When Will the Next Strategic Plan Be Released?
The next edition of the Hepatitis Plan is expected to be released in 2020.
What Has Happened Lately?
In addition to public stakeholder input collected at the onset of development of the plan, OIDP has facilitated regular federal steering committee meetings since January 2019. The federal steering committee is composed of leadership from six federal departments and 13 HHS offices. OIDP also facilitated monthly subcommittee meetings from April 2019 to February 2020. The three subcommittees were focused on prevention and care, disparities and coordination, and indicators to measure progress. The subcommittees were composed of subject matter experts throughout the same federal departments and HHS offices as the steering committee. Through an iterative process, the steering committee adopted components of the plan that were brought forward from the subcommittees.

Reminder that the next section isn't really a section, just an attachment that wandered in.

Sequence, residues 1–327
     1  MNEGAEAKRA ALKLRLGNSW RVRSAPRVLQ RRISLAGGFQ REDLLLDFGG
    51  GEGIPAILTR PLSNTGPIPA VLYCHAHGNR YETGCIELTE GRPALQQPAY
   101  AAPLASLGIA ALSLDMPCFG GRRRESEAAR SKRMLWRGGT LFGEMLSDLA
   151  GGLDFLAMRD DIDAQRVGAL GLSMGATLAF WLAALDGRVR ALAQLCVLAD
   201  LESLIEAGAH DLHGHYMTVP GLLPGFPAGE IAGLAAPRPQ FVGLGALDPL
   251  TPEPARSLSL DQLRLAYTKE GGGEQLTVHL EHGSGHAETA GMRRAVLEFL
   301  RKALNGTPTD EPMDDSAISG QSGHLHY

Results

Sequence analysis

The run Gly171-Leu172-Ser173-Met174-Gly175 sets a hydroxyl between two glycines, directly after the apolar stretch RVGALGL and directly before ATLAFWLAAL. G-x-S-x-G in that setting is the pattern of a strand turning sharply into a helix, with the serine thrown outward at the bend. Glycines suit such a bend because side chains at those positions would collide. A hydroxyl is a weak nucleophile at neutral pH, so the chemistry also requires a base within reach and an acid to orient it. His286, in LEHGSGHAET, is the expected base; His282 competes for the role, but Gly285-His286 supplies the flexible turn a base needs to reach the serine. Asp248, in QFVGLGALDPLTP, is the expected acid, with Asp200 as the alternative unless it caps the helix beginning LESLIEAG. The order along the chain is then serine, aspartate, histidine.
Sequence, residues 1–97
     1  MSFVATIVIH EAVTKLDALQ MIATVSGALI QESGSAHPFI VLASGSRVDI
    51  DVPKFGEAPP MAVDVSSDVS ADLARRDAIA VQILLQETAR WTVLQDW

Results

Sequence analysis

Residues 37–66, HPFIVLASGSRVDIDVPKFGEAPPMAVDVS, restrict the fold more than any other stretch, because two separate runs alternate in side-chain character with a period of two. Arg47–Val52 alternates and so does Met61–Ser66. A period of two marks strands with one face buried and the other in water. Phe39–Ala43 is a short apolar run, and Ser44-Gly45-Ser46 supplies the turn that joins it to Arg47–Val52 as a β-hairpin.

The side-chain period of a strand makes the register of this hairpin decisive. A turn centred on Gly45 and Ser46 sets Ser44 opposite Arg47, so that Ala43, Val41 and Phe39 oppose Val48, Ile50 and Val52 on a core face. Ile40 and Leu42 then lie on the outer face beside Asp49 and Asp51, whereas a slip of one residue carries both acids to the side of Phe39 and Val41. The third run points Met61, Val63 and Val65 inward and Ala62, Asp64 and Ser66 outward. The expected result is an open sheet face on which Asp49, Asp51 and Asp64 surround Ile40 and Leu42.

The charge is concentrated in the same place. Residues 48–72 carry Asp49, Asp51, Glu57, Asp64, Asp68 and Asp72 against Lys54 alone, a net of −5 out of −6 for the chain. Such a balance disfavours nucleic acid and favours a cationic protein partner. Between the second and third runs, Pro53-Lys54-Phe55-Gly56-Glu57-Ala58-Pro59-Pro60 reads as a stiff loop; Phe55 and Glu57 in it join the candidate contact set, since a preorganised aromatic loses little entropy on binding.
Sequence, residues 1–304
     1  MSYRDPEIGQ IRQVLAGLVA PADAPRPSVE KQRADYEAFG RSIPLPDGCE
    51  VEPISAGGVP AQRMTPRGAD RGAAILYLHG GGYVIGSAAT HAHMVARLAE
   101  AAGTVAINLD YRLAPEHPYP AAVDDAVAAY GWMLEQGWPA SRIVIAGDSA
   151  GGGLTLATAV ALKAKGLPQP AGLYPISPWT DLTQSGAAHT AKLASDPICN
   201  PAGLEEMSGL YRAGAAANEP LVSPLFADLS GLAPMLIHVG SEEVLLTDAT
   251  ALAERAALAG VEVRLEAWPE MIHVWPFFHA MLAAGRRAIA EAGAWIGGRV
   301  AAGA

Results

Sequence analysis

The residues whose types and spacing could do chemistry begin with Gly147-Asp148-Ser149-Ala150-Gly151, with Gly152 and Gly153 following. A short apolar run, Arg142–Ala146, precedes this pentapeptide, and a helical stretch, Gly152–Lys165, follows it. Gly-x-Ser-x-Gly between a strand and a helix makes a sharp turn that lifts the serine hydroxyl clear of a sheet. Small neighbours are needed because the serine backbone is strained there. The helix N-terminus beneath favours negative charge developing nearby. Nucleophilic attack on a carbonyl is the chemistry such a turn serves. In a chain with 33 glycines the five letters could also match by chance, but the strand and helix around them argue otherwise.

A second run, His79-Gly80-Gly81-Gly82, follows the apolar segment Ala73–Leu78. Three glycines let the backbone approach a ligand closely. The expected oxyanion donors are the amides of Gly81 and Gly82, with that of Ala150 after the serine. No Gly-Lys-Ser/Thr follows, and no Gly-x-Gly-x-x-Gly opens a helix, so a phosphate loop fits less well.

Read these blog posts for information on activities related to the Hepatitis Plan development:
- Participants at CDC’s National HIV Prevention Conference Weigh In on Next National Viral Hepatitis and HIV Strategies, Developing a Federal STD Plan
- HHS Gathered More Stakeholder Input on the Next National HIV and Viral Hepatitis Strategies
- Process Launched to Develop Next National Viral Hepatitis Action Plan and National HIV/AIDS Strategy
- Virtual Listening Session Gathered Additional Stakeholder Input on Next National HIV and Viral Hepatitis Strategies
- Ryan White Stakeholders Share Input to Inform Next Iterations of National HIV/AIDS Strategy and National Viral Hepatitis Action Plan
- Listening Session Held with Health Department Leaders to Inform Updates to National Viral Hepatitis Action Plan and National HIV/AIDS Strategy
- First Listening Session Held at USCA to Inform Updates to National HIV/AIDS Strategy and National Viral Hepatitis Action Plans